All these elements of interpretation are allowed to determine the will of the legislature. They do not exclude each other, but instead complement each other.

Diagram 2: Legal Interpretation Elements

Whenever a case or legal matter is not explicitly ruled or dealt with in written law (i.e., there is a legal omission), the Portuguese legal system allows for analogical reasoning and extensive interpretation. While analogical reasoning (interpretação analógica) is used as a tool to fill gaps in the law by applying analogically other provision or several provisions that cover similar cases to the one at hand ( analogia legis – article 10 of the Civil Code), extensive interpretation (interpretação extensiva) consists in a interpretation process that extends the standard meaning of the interpreted legal provision. Both introduce a certain degree of stability and predictability in the interpretation of law. [9]

Corporative dispositions (normas corporativas) emerging from representative organisms of different moral, cultural, economic or professional categories (e.g. professional bodies), that should not be contrary to legal imperative dispositions, are also immediate sources of law (article 1 of the Civil Code).

Custom (costume) is also regared as a source of law in Portugal, to the extent that it is not contrary to the principle of good faith and only when law so determines (article 3 of the Civil Code).

It should be noted that binding precedent does not exist in the Portuguese legal system. However, case law (jurisprudência), which arise from judicial decisions made by the courts, is relevant for the purposes of uniform interpretation and application of the law (article 8, number 3 of the Civil Code) or where otherwise specified (decisions of the Constitutional Court, as per article 281, numbers 1 and 3 and article 119, number 1, g) of the Portuguese Constitution).

As for equity (equidade), article 4 of the Civil Code states that courts may only decide according to the principle of equity when law specifically allows it, when parties agree on it and the righs are non-disposable or when parties have previously given their agreement.

Lastly, doctrine (doutrina) plays merely a secondary role as source of law in the Portuguese legal system, being usually used in the interpretation or clarification of other sources of law. [10]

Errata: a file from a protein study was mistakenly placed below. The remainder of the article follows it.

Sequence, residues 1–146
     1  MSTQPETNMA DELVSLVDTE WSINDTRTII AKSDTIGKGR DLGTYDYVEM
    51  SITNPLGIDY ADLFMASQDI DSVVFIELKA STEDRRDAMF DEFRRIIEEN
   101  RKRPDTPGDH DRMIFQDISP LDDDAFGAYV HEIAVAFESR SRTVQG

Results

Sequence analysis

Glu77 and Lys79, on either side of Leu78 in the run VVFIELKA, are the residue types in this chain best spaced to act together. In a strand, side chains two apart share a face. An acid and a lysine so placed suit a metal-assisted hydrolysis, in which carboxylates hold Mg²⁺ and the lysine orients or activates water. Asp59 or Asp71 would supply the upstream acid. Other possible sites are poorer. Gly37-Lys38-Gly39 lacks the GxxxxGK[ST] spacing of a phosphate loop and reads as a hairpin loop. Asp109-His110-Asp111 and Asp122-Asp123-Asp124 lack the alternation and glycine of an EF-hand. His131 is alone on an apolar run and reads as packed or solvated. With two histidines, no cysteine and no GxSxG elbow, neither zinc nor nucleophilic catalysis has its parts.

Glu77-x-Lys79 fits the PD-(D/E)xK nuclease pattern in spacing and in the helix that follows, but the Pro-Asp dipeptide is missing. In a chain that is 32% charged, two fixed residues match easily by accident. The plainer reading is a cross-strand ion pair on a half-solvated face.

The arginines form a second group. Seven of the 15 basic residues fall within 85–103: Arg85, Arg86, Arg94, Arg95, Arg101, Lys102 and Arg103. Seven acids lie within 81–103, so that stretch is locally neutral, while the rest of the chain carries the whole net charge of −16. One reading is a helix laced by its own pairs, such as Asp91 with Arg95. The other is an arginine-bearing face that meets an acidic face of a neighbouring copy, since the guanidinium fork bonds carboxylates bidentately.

5. Main Legislation

The Portuguese legal system includes the Constitution of the Portuguese Republic and constitutional laws, which are at the top of the hierarchy of norms. The Constitution of the Portuguese Republic as approved by decree dated from April 10, 1976 (last amended by Law no. 1/2005, of August 12 – seventh revision). Moreover, it comprises rules and principles of international law (jus cogens), rules set out in duly ratified or approved international agreements and issued by the competent bodies of international organisations to which Portugal belongs, as well as provisions of the treaties that govern the European Union and rules issued by its institutions (article 8 of the Constitution).

As for the Portuguese ordinary laws, they include Laws (Leis) enacted by the Assembly of Republic, Decree Laws (Decretos-Lei) issued by the Government, and Regional Legislative Decrees ( Decretos Legislativos Regionais) passed by the Legislative Assemblies of the Autonomous Regions of Azores and Madeira (article 112 of the Constitution). Instruments with effect equivalent to that of laws, such as acts approving international conventions, treaties or agreements, generally binding decisions of the Portuguese Constitutional Court declaring the unconstitutionality or illegality of norms, collective labour agreements and other collective instruments regulating labour relations, are also regarded as sources of law.

Additionally, the national legal system includes regulations or legislative instruments of lower status than laws, whose purpose is to supplement laws and fill out the details in order to be applied or implemented (e.g., regulatory decrees, regulations, regional regulatory decrees, ministerial orders, executive rulings, and municipal orders and regulations). See The European Justice, Member State law - Portugal .[11]

Diagram 3: The Hierarchy of Laws

Diagram 3: The Hierarchy of Laws

The Portuguese Civil Code , which is the basic foundation of private law (approved by Decree Law no. 47344/66, of November 25, last amended by Law no. 85/2019, of September 3), is one of the most important codes in Portugal. This Code revoked the first Portugusese Civil Code, also known as Seabra Code ( Código de Seabra), dated from 1867.

The Portuguese legal and judicial system is a civil law system based on the Roman law traditions characterized by comprehensive law codification. The Portuguese legal system also comprises the following main (written) legislation: